Libby Cravens


As Interviewed By Ashton Wong, March 25, 2016

Libby Cravens: In Her Own Words

I was a runner as an elementary student. I entered my first race, I think I might’ve been 8 years old, and I ran a 5k, and I won. I was the fastest person, and I remember that they tried to give me the first place girls trophy, and it was about half the size of the first place boys trophy, and I had beat all the boys, so I insisted that they give me the first place boys trophy because it was bigger, and that was my first ever race experience.

I started playing co-ed soccer at age 4 or 5, and that was at the YMCA, my dad was my coach, so I think in terms of my sports origin, not originally. They do a pretty good job about not speaking out about gender or, if you’re a boy or girl at that age, you know, it’s pretty much chaos, just trying to hit the ball in the right direction.

As an adult, I play a lot of informal frisbee, which is called pickup, and I play in a league of ultimate so I’m better than most people that play recreationally, male or female. When I first get there and someone doesn’t know me, they automatically assume that because I’m female that I’m worse at the sport than them because they’re men, which is not usually the case. They either won’t throw to the women at pickup, or they will insist on the frisbee back instead of letting us throw downfield. So a lot of adult men that play co-ed sports I think do a very poor job of being aware of how they’re treating the women on the field.

We talked about a lot of things, a lot of really awesome things [at the conference]. Right now I have 41 coaches for the youth league that I run and 38 of them are male, and I really wanted to make sure that they were, really paying attention to how we are coaching our girls, and so a lot of the information I learned at my conference applies to that.

A lot of what we talked about [at the conference] was about recruiting and retention. How it is more difficult to get girls to join sports and to stick with sports. A lot of girls play sports younger and then slowly drop out. I saw that girls have two times the dropout rate in sports than boys do, and research shows that girls are more likely to doubt their ability than boys. So if girls are having trouble and struggling with something, instead of sticking with it and thinking, oh I can do this, I just need to work harder or need to learn more, they think, oh, I can’t do this. Whereas boys will be less likely to doubt what they’re doing and stick with it, so they’re more tenacious about sports. How we communicate with our players was a lot of what was discussed, and we talked about how we need to be telling girls, “yes you can”, and reinforcing that more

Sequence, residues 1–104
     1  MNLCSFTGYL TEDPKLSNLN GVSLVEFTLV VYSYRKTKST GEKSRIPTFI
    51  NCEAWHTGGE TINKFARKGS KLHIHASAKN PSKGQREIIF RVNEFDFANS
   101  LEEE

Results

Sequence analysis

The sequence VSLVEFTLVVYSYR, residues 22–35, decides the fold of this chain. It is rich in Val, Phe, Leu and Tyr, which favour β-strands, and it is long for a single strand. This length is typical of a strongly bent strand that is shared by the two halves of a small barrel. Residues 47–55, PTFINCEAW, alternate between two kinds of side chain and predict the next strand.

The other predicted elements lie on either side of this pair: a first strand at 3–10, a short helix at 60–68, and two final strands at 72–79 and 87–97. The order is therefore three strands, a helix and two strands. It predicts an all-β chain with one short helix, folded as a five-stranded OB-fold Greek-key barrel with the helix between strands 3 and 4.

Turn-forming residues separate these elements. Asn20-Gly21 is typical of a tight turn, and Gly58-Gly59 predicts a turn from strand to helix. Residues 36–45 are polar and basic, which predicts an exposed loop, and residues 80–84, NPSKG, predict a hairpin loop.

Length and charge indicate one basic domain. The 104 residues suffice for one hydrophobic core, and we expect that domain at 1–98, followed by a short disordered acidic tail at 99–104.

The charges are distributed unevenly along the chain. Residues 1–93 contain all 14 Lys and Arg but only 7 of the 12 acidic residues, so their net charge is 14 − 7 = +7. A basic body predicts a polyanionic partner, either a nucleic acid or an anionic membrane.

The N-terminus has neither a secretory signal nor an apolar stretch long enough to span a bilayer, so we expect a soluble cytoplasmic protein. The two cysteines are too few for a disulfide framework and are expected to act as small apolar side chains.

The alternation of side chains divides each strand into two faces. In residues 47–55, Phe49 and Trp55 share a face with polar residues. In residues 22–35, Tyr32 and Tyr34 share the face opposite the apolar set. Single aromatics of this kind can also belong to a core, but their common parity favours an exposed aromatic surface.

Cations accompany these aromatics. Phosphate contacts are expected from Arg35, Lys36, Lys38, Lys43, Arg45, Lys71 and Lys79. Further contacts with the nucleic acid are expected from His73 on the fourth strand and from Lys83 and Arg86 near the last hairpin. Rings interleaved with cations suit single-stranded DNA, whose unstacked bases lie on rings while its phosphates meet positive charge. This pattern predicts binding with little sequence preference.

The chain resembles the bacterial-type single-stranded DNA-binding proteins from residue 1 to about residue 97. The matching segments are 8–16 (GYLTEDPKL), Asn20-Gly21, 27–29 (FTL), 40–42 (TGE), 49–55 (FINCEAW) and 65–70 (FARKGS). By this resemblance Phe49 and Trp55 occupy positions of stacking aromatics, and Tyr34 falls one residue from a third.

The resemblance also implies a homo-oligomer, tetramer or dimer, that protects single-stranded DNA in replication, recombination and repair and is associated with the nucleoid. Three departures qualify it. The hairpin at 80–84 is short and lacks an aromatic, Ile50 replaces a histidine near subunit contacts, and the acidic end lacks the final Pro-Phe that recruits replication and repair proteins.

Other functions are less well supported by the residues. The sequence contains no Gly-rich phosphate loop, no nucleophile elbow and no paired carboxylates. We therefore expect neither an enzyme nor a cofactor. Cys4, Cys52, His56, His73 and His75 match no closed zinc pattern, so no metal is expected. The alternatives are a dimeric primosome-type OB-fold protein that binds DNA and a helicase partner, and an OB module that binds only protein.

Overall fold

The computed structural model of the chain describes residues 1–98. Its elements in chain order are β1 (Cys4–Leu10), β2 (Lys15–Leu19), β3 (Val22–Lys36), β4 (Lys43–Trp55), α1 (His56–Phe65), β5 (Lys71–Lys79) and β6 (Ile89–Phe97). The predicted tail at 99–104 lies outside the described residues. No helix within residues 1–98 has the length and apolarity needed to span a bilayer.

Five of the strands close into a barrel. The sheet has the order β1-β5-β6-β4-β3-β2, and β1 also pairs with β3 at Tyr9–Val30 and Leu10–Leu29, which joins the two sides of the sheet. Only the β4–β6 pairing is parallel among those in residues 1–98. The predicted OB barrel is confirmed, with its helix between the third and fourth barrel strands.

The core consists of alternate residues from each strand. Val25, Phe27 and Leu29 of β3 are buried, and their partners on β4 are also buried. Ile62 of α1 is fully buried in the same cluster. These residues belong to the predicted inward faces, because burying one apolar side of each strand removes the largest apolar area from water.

One of the themes was called If You Can Be Her, You Can Beat Her. That context basically means that girls need female role models so they can understand that sticking with a sport, and sticking with what they’re doing, they can achieve awesome things. There was a female olympian that was one of the speakers, and she was incredible in various ways, and girls don’t have a lot of exposure to female role models like that because, most of their coaches are male, and most of their athletic peers are male. So we were talking about how we need to get more moms coaching, and we need to get more college players helping high school players, and high school players helping elementary players, and waterfall a sense of support from adults down. We need to be taking time to recruit more girls, and getting them engaged, and getting the community built.

So one of the other themes was basically that girls play sports for a different reason than boys play sports. They called it the 80/20 Rule. So 80% of girls are playing sports just for the relationships and the connections they feel, as a team aspect of it. 20%, and I would consider myself and a lot of my friends in the 20%, would play a sport whether or not there were other girls, they would play even if they were discouraged. They would play because they like to win. They like to work hard, they don’t like getting hurt. So 20% of girls would play with almost all boys, 80% of girls wouldn’t enjoy that setting.